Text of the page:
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No negative impact of dumping site in Sisdol area: NAST

LALITPUR: No negative impact has been seen in the local people’s health and the environment around Sisdol area, the waste dumping site of Kathmandu Valley, Nepal Academy of Science and Technology (NAST) said.
NAST stated this in its report on Environmental Impact Assessment Study and Research of Sisdol Area it released on Monday. It stated that there was not that serious negative impact in the Sisdol area due to the dumping site.
NAST had conducted the study in and around the area for two months since last September. Kathmandu Metropolitan City had commissioned the study.
As part of the environmental impact assessment, NAST had studied the flowing water, the ground water level, the odour, gas, dust particles, the waste sludge, materials that can be seen and not be seen with naked eyes, birds, fish and animals, among other things in Sisdol area.
Senior scientist at NAST Dr Bhoj Raj Panta said a study conducted with the help of the olfactometer at his office showed that the gas emitting from the waste at Sisdol does not much impact the locals.
“Khilbuche, Tilkoria, Tallo Siudini, Simkhadagaon, Magatetol – one –two, Panchamuritol, Kolpukhola-one-two and Sobati Baluwa are the main affected areas close to the dumping site while Bhandar Thumka, Dhoka Bhanjyang, Patahakgaun, D-gaun, Kshete – A and B, Shivalaya Secondary School Siudini, Tallo Siudini-one-two, Kagatigaun are the locations which are somewhat affected. Similarly, the less affected areas are Kajunje Gaun, Swana Gaun, Healthpost, Kagati Gaun, and Siudini Tyankidanda. But the study shows there is no significant environmental impact from the dumping site,” Panta added.
It is said NAST conducted the olfactometre tests at 24 locations at Sisdol as part of the study.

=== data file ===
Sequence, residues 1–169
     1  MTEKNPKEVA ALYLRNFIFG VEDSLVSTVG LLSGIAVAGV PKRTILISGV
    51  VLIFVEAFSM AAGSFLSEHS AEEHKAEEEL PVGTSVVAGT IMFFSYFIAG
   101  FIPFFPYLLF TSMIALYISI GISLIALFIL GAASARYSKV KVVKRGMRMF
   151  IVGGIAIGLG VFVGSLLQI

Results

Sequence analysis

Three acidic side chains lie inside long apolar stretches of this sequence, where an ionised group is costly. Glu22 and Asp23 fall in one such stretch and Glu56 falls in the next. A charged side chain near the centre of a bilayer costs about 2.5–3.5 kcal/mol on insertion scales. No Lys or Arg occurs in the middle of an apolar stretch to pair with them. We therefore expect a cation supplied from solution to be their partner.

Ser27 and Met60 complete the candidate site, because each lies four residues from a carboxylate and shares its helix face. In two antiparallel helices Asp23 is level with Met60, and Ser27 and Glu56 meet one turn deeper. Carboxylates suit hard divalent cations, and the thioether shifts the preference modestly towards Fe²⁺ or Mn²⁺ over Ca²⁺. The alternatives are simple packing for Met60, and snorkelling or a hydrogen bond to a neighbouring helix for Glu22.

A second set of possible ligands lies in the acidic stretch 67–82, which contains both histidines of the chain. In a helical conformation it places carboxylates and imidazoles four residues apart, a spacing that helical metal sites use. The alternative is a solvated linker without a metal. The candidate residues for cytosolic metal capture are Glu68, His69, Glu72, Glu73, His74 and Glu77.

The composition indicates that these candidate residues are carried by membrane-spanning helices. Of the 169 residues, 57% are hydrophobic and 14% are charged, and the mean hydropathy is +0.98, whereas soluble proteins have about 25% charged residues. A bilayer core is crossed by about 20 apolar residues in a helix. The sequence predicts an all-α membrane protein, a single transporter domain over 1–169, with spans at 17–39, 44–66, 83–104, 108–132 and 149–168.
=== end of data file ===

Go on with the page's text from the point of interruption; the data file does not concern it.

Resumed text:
According to Panta, no traces of methane and carbon dioxide gases were found in Sisdol area.
Similarly, the NAST study showed that the dust particles in the area were within the permitted standard.
NAST has recommended that the dumping site should be managed much more efficiently, the waste should be covered while transporting it from the Valley in trucks to the dumping site, the reusable waste should be segregated, there should not be paucity of human resources and money required for transporting the waste to Sisdol, and the entry of people and dogs to the dumping site should be stopped.
It also suggested that the aquatic life and the soil in the area would not be affected if the leachate was tested before dumping it.
Mayor of Dhunibesi municipality Bal Krishna Acharya said kites and vultures have caused menace in Suhana, Chiudeni and nearby areas due to the dumping site. He expressed his ignorance regarding the study conducted by NAST and narrated many adverse impact of the waste dumped at Sisdol like the crops are tall but do not bear ears, death of cattle after drinking water from Sisdol and development of scabies and rashes when people wash their hands and feet with water flowing from that area. He also complained that the number of people suffering from cancer and kidney diseases has been increasing every year.
KMC mayor Bidya Sundar Shakya said a special discussion would be held together with the mayors of all municipalities including Dhunibesi and Kakani regarding the issues related to the dumping site.
Sisdol Bancharedando Concern Committee president Bishwas DC protested the report findings that there was no foul odour and there was not significant impact in the water of the area in Kakani-1, saying it was completely untrue. “The reality of the area would have been found if the tests were conducted on an hourly basis,” he demanded.
Shree Ram Dhungana, a local from Sisdol said that the environment around Sisdol has been much affected due to the dumping of liquid used for chemotherapy, sulfuric acid, other acid, date-expired medicines, animal carcasses, waste food and industrial waste etc.
NAST secretary Mahesh Kumar Adhikari said NAST and KMC would together devise additional plans for mitigating the problems in future.

Published Date: Monday, December 30th, 2019 | 09:26 PM

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